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Criminal Procedure

Law Faculty Scholarly Articles

Commonwealth

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Kentucky Law Survey: Criminal Procedure, William H. Fortune Jan 1985

Kentucky Law Survey: Criminal Procedure, William H. Fortune

Law Faculty Scholarly Articles

Many important criminal procedure cases were decided by the Kentucky appellate courts during the Survey period-too many to permit meaningful comment on each case. The author has selected those criminal procedure cases he feels are most significant and has not attempted to comment on penal code cases, most of which involve matters of criminal law.


Kentucky Law Survey: Criminal Procedure, William H. Fortune, Sarah N. Welling Jan 1984

Kentucky Law Survey: Criminal Procedure, William H. Fortune, Sarah N. Welling

Law Faculty Scholarly Articles

Significant criminal procedure decisions of the Kentucky appellate courts for the period July 1, 1982 to July 1, 1983, have been selected for discussion in this Survey. Included in this survey is an extensive discussion of selected cases in the areas of warrants, competency of counsel, pretrial discovery of witness statements, venue, belated attacks on criminal convictions, and the right to talk to an attorney before taking a breathalyzer test.


Kentucky Law Survey: Criminal Procedure, William H. Fortune Jan 1983

Kentucky Law Survey: Criminal Procedure, William H. Fortune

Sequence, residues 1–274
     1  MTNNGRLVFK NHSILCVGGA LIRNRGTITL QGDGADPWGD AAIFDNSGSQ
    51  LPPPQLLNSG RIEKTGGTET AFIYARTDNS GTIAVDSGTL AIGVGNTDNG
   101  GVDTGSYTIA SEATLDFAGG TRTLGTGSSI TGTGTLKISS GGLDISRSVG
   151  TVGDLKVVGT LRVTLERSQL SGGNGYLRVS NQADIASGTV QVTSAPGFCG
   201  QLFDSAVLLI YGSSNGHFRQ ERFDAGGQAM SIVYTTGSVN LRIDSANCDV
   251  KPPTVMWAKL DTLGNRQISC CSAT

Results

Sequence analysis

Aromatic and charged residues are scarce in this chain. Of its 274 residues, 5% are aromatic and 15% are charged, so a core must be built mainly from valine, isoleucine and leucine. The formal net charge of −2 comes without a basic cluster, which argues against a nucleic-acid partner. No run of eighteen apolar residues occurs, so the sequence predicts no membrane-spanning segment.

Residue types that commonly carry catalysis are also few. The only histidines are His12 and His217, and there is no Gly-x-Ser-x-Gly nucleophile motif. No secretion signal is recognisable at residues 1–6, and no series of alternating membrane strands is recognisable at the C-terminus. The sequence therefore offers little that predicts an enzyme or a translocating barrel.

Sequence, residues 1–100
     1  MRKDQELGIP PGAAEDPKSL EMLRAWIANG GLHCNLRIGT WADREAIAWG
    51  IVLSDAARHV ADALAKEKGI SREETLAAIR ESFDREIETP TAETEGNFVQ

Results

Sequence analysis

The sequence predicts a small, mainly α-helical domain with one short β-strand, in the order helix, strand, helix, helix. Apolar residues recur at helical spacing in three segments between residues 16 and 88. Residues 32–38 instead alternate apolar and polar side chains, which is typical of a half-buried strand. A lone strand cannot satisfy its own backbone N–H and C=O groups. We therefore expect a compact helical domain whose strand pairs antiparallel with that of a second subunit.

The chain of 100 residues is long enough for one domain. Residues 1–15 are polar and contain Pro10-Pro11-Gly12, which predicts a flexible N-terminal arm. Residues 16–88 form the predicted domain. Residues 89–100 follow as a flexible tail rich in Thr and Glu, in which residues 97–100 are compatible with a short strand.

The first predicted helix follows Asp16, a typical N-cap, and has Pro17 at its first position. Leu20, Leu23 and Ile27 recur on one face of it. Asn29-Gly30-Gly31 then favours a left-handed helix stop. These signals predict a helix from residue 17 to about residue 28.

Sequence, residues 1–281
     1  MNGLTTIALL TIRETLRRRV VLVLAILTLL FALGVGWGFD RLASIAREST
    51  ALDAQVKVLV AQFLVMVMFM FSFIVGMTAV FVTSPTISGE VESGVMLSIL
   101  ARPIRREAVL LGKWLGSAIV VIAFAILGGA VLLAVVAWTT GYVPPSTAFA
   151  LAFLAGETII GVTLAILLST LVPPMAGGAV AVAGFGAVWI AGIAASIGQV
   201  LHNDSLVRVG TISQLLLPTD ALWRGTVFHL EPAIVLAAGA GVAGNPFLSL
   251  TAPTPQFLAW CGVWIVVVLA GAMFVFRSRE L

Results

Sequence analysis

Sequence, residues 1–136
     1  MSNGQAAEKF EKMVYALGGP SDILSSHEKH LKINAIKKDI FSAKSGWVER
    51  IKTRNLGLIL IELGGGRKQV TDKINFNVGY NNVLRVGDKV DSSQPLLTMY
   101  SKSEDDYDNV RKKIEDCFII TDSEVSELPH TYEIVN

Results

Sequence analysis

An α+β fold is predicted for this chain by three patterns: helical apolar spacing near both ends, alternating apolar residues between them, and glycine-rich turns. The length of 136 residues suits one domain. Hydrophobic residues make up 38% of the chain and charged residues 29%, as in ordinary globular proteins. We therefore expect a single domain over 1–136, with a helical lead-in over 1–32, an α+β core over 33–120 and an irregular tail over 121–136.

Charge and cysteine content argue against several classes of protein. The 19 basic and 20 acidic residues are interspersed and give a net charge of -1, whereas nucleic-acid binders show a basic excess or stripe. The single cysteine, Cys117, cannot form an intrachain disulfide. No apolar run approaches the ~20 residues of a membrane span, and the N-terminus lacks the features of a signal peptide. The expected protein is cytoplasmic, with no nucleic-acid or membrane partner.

Law Faculty Scholarly Articles

This Survey covers significant criminal procedure decisions of the Kentucky appellate courts for the period July 1, 1980, to July 1, 1982. It does not include cases construing the penal code or noteworthy decisions in the Kentucky law of evidence. The author has selected the most important criminal procedure cases for treatment in the text; a number of significant cases are summarized in footnotes.


Kentucky Law Survey: Criminal Rules, William H. Fortune Jan 1982

Kentucky Law Survey: Criminal Rules, William H. Fortune

Law Faculty Scholarly Articles

In May 1978 the Kentucky Supreme Court set up a Criminal Rules Revision Committee (Advisory Committee) to study Kentucky's Rules of Criminal Procedure. The purpose of the Advisory Committee was to make recommendations to the Judicial Council. The committee met sixteen times between July 1978 and July 1980, and at the conclusion of its study, submitted a comprehensive revision of the rules of criminal procedure to the judicial council. These proposed revisions went beyond mere amendment of the existing rules. The Advisory Committee drew heavily from the Federal Rules of Criminal Procedure, and ultimately proposed extensive changes in plea ...